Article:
July 15, 2015 12:26

Going with the flow

Water always follows the path of least resistance. Usually, this isn’t a problem. Irrigating our crops, filling our reservoirs, even filtering our groundwater is all made possible by gravity working on water. Sometimes, though, gravity is not your friend. Sometimes water pools where it shouldn’t and causes drainage problems, great and small.

Let’s take a look at some major and minor drainage problems and solutions, and finally, some constructive measures that can help you avoid the problem altogether.

In 2010, Schultz Peak, just north of Flagstaff, Arizona, was devastated by a massive fire. For two days, firefighters from as far away as Idaho fought the blaze. Thanks to their efforts, no one died and no buildings were lost, but the fire consumed 15,000 acres, an area roughly the size of Manhattan. It removed vegetation and baked the soil to the point where it became hydrophobic, repelling water rather than absorbing it.

“The fire was on a very steep mountainside with pretty loose, volcanic soils, as well as ponderosa pine and spruce fir trees, all up high,” explained Allen Haden, an aquatic ecologist and principal at the Flagstaff-based Natural Channel Design, Inc. “Within two weeks of the fire being out, we had a very big rainstorm,” Haden said. “Obviously, the watershed was in the worst condition it could ever be in, and it flooded a neighborhood that had been built at the base of the mountain.”

The flooding was bad, but the sediment released from the mountainside was even worse. That single storm released so much sediment that the flooding left entire basements filled with material. The whole neighborhood was without flood insurance, since no one had ever predicted that there’d be a problem. Now, though, they lived at the base of a flood plain, and only emergency measures would keep every hard rainfall from flooding them out.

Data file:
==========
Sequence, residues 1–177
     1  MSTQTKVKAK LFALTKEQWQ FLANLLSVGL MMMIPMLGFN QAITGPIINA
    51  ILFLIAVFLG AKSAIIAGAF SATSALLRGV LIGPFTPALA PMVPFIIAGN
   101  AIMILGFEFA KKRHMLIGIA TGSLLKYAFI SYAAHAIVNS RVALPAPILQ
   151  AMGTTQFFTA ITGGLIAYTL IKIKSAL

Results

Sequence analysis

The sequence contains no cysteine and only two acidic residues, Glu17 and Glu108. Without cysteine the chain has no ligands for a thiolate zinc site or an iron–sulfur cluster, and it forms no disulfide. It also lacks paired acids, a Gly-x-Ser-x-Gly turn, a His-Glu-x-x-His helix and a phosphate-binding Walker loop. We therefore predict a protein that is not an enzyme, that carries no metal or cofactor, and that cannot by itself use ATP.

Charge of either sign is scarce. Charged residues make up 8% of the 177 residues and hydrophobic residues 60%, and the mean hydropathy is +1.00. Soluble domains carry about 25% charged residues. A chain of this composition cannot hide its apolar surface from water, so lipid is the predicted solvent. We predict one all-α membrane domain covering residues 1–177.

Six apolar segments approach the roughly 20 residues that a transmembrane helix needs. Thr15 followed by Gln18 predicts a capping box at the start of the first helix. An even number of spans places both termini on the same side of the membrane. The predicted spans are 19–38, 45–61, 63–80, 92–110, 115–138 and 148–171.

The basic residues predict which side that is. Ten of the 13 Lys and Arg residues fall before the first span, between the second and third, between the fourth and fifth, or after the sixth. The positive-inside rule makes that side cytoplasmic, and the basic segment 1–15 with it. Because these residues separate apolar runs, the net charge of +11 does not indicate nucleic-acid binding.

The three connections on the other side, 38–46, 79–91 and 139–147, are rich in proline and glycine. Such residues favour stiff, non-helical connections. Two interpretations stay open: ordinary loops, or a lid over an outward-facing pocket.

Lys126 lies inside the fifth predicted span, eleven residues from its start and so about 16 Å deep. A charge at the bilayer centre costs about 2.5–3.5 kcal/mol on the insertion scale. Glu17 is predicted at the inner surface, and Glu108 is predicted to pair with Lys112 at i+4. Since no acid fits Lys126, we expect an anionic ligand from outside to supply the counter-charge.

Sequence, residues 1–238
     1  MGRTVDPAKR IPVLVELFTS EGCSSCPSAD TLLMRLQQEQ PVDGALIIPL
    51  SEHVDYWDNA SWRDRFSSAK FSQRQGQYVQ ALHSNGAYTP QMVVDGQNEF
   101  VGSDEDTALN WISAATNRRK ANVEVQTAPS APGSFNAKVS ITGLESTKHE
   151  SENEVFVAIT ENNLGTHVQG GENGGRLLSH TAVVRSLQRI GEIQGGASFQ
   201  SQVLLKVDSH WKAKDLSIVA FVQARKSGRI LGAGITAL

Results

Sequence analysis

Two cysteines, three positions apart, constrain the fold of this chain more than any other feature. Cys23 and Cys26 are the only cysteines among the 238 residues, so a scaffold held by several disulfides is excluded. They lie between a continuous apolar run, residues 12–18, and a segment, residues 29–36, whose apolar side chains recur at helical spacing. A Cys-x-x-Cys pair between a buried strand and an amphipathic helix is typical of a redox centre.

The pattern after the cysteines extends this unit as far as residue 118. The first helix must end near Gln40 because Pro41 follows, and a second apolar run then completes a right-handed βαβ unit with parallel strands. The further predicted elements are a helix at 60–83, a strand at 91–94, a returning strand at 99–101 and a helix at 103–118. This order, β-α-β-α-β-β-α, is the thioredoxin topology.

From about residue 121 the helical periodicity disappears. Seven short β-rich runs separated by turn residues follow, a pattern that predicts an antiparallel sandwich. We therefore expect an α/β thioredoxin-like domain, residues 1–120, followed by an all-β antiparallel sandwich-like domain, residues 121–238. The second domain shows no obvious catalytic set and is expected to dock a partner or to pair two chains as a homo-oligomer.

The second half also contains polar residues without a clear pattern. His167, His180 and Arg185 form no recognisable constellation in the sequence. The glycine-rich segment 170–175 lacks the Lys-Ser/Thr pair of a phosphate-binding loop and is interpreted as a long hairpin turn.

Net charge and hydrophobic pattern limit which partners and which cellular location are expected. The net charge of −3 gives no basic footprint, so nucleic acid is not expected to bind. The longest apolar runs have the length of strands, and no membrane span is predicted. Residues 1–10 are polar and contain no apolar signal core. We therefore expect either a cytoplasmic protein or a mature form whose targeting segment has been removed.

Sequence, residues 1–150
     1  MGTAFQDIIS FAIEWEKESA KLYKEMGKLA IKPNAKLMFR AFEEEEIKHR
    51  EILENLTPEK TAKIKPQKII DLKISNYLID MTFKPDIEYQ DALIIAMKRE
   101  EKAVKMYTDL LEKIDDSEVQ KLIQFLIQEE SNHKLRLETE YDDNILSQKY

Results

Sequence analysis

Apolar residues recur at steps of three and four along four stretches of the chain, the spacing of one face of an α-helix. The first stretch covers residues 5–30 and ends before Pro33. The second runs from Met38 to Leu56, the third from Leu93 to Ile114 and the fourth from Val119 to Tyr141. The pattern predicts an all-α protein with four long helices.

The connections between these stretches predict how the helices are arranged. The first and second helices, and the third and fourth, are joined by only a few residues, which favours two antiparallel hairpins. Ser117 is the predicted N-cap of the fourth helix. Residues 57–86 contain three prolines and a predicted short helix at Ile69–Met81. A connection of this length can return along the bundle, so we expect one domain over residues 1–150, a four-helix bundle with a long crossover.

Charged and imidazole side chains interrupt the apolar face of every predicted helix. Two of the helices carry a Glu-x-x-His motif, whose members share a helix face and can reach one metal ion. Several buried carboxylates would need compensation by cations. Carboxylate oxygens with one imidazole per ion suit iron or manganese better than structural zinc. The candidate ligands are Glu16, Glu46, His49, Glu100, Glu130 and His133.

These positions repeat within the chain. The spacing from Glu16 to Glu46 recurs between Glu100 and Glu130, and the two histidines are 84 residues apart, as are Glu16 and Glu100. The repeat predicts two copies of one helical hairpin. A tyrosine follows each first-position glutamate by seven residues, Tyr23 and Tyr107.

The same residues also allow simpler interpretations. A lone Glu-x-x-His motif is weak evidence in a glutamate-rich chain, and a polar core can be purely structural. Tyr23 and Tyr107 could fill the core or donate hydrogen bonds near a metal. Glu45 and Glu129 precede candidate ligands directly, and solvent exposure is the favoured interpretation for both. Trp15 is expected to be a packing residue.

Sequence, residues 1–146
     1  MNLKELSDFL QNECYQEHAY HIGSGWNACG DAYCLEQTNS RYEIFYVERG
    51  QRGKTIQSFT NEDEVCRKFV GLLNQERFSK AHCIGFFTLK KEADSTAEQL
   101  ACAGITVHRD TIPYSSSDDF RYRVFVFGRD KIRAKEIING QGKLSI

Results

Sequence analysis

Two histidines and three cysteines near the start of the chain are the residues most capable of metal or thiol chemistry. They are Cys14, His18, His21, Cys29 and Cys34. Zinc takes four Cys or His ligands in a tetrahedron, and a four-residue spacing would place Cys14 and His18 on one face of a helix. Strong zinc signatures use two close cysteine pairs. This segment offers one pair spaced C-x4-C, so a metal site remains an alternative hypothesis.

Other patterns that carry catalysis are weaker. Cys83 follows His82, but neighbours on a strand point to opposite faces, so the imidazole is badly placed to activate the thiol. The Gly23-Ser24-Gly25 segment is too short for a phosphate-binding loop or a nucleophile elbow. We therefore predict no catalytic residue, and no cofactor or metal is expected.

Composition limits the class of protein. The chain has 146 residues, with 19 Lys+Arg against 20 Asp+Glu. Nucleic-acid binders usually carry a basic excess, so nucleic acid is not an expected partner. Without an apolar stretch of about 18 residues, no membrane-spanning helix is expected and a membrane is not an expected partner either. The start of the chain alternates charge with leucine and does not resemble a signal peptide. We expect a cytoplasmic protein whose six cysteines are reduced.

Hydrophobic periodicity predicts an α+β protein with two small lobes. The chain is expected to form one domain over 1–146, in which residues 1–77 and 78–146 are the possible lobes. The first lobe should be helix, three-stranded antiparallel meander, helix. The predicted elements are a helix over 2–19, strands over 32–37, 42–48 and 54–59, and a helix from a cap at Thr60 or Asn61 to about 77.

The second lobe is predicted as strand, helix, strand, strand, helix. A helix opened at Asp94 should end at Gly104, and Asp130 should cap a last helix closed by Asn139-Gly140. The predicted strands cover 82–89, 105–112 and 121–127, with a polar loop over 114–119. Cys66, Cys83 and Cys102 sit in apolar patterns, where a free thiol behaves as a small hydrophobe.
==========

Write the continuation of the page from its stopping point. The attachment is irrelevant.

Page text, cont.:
After the fire had been put out, the Army Corps of Engineers had predicted that flooding as a result of the well-baked ground and reduced vegetation would be a problem. However, they failed to predict the massive amount of sediment that the flooding would release. Once they understood the extent of the problem, local officials took action. Natural Channel Design was given the job of determining where the sediment was coming from, how it was getting there, and drawing up plans on how to stop it.

Haden and his team determined that the floodplains located at the base of the mountain were the culprit. “What we found was that the flooding had gullied through several alluvial fans on about eight different watersheds,” said Haden.

“So the alluvial fans, which had stored sediment for ages, were now releasing sediment. It was also being released into the neighborhoods which were built on the lower portions of the alluvial fans.” Natural Channel Design estimated that sediment from the alluvial fans made up 85 percent of the released deposits, with the rest coming from the mountainside or the road.